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Website update - 3 items of great historical interest

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  • Mike Meddings
    Hello all, The website has been updated with 3 items of great historical interest to devotees of Jelly Roll Morton and J. Lawrence Cook. Genealogist Peter
    Message 1 of 2 , Jan 13, 2007
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      Hello all,

      The website has been updated with 3 items of great historical
      interest to devotees of Jelly Roll Morton and J. Lawrence Cook.

      Genealogist Peter Hanley sends an article on Sammy (Sam) Davis), who
      Jelly Roll recalled on the Library of Congress recordings as, "One of
      the greatest manipulators, I guess I've ever seen in the history of
      the world on a piano". This accompanies Davis's WW1 draft
      registration card.

      Prof. Lawrence Gushee and Dr. Charles Nolan, Archivist of the
      Archdiocese, send details of an entry from the Baptismal Register of
      St. Joseph's Church, Tulane Avenue, New Orleans for Ferdinand Joseph
      Lemott (Lamothe). Also included is Jelly Roll's Certificate of
      Baptism. Accompanying the above is a stunning photograph of St.
      Joseph's Church, courtesy of New Orleans historian Mark J. Plotkin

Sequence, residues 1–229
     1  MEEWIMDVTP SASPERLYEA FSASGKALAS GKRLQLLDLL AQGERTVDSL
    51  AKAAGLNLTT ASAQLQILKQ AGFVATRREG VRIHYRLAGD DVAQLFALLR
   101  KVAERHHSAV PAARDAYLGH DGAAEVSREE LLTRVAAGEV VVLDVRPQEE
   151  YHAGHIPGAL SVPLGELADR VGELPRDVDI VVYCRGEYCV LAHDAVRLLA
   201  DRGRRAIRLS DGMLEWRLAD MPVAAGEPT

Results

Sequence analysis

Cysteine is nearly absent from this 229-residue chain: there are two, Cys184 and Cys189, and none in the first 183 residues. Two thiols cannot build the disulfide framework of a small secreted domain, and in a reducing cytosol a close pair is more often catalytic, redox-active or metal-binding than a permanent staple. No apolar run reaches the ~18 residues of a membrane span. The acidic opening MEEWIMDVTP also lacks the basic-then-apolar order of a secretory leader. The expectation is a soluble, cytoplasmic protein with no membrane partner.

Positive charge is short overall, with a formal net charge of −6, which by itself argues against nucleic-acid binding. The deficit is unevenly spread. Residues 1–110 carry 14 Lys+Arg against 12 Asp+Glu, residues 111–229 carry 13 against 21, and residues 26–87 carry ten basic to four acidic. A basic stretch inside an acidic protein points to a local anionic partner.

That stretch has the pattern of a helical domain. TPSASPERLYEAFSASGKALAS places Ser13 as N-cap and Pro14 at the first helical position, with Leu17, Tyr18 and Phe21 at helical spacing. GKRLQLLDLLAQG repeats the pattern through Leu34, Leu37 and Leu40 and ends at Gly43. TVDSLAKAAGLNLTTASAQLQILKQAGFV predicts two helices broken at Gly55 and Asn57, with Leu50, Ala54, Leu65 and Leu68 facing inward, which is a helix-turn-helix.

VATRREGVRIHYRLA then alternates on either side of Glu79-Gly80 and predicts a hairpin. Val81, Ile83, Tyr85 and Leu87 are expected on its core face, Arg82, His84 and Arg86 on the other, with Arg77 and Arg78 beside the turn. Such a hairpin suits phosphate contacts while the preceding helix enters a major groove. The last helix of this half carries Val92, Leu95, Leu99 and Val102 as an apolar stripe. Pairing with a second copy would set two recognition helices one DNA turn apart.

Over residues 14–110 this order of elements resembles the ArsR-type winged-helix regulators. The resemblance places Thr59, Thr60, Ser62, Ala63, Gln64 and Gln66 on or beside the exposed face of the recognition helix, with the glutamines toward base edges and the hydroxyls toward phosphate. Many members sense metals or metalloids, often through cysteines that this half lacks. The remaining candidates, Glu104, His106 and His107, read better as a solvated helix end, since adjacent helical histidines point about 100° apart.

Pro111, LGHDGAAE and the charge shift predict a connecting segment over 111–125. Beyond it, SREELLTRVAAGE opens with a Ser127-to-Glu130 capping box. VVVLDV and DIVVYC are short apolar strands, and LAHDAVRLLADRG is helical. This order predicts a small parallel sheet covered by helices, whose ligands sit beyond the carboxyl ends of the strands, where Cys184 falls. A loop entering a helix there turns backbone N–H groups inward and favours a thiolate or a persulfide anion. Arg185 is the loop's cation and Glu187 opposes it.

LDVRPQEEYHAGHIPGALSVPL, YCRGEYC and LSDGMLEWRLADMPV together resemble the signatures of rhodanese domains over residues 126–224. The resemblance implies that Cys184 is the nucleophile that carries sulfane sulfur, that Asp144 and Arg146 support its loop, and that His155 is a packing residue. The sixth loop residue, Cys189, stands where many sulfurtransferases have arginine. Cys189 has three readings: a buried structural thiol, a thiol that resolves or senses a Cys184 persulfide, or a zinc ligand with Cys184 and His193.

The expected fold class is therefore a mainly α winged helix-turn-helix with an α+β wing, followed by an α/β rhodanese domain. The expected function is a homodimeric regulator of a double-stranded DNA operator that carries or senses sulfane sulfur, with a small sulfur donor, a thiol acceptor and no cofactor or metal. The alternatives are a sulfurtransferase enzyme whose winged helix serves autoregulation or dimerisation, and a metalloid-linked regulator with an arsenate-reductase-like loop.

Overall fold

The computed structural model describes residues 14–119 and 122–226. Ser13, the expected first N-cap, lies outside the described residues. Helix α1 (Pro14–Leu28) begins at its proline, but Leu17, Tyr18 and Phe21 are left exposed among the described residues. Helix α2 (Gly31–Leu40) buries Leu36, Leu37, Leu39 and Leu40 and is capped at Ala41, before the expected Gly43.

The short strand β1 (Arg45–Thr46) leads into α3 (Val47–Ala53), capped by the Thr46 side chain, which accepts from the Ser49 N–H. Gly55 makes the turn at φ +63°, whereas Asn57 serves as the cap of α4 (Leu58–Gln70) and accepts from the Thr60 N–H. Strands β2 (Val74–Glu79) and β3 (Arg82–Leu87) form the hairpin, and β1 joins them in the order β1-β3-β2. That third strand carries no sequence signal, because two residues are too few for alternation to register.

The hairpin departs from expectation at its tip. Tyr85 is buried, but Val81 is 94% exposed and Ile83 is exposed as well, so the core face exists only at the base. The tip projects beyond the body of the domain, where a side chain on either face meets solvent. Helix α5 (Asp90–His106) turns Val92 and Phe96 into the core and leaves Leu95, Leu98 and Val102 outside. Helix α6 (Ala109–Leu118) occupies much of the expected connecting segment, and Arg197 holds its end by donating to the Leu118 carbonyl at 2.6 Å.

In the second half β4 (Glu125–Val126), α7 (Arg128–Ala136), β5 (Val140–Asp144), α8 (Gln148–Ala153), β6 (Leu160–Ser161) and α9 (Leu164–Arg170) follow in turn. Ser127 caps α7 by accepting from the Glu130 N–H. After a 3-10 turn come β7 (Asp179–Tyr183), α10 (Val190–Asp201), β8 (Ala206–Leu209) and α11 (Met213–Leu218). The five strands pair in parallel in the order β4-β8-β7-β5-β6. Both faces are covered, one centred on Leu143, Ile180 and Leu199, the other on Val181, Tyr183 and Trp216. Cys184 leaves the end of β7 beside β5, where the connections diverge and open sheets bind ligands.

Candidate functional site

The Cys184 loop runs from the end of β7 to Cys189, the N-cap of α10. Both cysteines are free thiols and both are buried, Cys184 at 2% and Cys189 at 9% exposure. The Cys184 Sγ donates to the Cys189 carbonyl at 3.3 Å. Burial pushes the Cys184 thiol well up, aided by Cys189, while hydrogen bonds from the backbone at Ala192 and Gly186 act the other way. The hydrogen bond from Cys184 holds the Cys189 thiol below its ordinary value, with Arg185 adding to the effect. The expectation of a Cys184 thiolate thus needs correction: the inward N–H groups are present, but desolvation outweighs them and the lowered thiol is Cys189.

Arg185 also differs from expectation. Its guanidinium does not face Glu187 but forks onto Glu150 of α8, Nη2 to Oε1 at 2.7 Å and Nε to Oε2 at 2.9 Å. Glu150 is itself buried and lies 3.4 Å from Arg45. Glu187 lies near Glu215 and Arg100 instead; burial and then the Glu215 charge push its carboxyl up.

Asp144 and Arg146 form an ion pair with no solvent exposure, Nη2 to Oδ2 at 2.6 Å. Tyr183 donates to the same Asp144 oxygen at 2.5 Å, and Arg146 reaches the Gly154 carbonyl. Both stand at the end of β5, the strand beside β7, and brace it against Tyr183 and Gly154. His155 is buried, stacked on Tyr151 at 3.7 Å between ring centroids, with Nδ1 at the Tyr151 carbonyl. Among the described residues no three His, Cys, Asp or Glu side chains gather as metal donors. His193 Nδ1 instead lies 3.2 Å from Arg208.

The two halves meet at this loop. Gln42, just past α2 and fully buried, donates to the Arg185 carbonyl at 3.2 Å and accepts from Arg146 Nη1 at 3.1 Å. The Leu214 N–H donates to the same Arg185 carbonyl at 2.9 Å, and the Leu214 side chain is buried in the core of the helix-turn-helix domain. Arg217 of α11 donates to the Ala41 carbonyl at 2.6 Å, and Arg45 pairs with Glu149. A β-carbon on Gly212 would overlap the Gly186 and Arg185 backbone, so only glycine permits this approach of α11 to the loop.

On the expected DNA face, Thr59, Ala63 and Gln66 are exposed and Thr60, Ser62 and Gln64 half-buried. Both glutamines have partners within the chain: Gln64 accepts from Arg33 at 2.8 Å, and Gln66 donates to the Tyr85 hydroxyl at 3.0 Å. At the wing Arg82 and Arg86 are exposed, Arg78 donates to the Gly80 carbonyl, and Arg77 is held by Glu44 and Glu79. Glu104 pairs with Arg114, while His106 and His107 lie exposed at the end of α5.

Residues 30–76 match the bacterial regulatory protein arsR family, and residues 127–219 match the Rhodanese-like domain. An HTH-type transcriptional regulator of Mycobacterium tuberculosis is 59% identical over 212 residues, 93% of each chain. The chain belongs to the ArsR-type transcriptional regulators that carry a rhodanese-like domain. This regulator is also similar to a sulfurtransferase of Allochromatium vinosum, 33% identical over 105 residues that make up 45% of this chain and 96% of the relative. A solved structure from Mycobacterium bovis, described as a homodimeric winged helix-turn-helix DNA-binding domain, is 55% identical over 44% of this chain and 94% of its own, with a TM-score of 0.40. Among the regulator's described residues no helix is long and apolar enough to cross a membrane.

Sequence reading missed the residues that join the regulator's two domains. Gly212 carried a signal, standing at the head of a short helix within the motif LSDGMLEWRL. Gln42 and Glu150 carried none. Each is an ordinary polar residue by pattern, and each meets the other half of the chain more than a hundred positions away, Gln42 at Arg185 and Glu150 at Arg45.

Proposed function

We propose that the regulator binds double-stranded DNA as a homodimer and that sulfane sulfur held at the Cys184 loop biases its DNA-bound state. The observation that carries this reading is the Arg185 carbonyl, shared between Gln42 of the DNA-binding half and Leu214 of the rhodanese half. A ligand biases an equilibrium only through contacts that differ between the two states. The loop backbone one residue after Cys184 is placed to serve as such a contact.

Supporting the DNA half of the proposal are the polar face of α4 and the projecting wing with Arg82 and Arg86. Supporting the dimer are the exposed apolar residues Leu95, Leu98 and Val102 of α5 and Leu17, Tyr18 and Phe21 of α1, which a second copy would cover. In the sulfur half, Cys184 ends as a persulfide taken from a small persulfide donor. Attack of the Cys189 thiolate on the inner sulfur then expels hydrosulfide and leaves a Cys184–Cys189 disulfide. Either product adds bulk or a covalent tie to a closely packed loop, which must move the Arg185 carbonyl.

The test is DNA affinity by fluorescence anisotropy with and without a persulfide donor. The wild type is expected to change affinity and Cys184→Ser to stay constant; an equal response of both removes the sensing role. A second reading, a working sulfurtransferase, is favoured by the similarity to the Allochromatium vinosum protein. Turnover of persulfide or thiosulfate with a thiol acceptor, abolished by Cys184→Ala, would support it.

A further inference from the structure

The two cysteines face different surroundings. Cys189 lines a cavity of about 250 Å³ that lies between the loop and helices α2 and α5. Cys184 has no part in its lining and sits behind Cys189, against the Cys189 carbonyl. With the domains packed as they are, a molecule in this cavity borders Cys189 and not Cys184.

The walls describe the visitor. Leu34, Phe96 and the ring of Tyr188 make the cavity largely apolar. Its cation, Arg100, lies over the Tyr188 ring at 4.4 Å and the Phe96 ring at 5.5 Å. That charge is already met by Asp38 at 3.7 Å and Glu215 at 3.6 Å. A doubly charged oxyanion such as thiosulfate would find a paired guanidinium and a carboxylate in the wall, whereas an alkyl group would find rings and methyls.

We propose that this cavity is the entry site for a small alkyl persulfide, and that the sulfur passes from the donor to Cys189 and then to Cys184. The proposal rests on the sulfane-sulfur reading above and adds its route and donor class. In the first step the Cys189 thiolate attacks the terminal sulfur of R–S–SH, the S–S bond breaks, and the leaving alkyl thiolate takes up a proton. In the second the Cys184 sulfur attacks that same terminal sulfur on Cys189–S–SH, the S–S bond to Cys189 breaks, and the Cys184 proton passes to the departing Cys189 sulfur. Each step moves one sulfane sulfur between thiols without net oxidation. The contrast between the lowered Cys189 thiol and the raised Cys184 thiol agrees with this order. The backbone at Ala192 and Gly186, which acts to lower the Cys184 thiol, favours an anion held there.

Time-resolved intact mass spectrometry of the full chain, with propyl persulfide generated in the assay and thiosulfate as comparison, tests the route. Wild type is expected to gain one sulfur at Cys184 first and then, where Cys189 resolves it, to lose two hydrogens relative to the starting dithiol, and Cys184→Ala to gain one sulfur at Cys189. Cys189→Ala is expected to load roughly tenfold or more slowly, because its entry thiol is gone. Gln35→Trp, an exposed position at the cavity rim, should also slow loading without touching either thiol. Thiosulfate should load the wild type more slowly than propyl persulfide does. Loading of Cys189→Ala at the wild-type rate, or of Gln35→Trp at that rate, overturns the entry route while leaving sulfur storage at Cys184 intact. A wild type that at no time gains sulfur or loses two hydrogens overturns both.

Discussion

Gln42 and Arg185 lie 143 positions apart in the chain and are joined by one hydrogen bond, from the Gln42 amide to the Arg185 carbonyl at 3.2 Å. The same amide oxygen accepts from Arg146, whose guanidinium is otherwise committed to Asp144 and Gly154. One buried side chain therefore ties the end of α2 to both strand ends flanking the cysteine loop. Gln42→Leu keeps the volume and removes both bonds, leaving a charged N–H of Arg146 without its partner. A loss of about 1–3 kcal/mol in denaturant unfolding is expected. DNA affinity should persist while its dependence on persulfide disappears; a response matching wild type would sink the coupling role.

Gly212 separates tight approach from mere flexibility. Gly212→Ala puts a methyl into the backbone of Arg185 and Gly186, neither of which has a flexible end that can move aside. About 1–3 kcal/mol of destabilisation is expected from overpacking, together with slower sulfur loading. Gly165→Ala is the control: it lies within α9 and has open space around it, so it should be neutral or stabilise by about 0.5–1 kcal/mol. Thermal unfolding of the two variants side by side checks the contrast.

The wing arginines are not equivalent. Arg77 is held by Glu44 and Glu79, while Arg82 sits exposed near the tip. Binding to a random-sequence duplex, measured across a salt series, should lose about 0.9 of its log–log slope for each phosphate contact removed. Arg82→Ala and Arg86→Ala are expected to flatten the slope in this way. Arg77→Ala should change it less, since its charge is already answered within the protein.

Ph.D.

      Prof. Brian Dolan and Prof. Alan Wallace send the 5th in a series of
      articles written by J. Lawrence Cook for the International Musician
      magazine, dated June 1941. Mention of Fats Waller, Teddy Wilson and
      Art Tatum. The article also includes scans of hand-written music
      examples by Cook.

      The above items can be accessed from the grey UPDATED BOX at:

      http://www.doctorjazz.co.uk/

      Future articles and WW1 draft registration cards will include : Zez
      Confrey, Joseph Lamb, Lester Melrose, Warren "Baby" Dodds, Fletcher
      Henderson, Lee S. Roberts and Percy Wenrich.

      Musically yours

      Mike.
    • spacelights
      Thank you Mike--the current state of Morton scholarship is admirable, indeed. All dates considered (and especially now the Mexican visa), a Morton birthdate of
      Message 2 of 2 , Jan 13, 2007
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        Thank you Mike--the current state of Morton scholarship is admirable,
        indeed.

        All dates considered (and especially now the Mexican visa), a Morton
        birthdate of September 20, 1890 seems most likely (though 1889 was the
        year named by those closest to him)... I feel this does not
        invalidate Jelly's claims of jazz authorship in the first years of the
        20th century--it's not implausible that he wrote "New Orleans Blues"
        at the age of 12 or 13, especially as he openly acknowledged the
        assistance of piano teacher Frank Richards.

        Cheers,

        John
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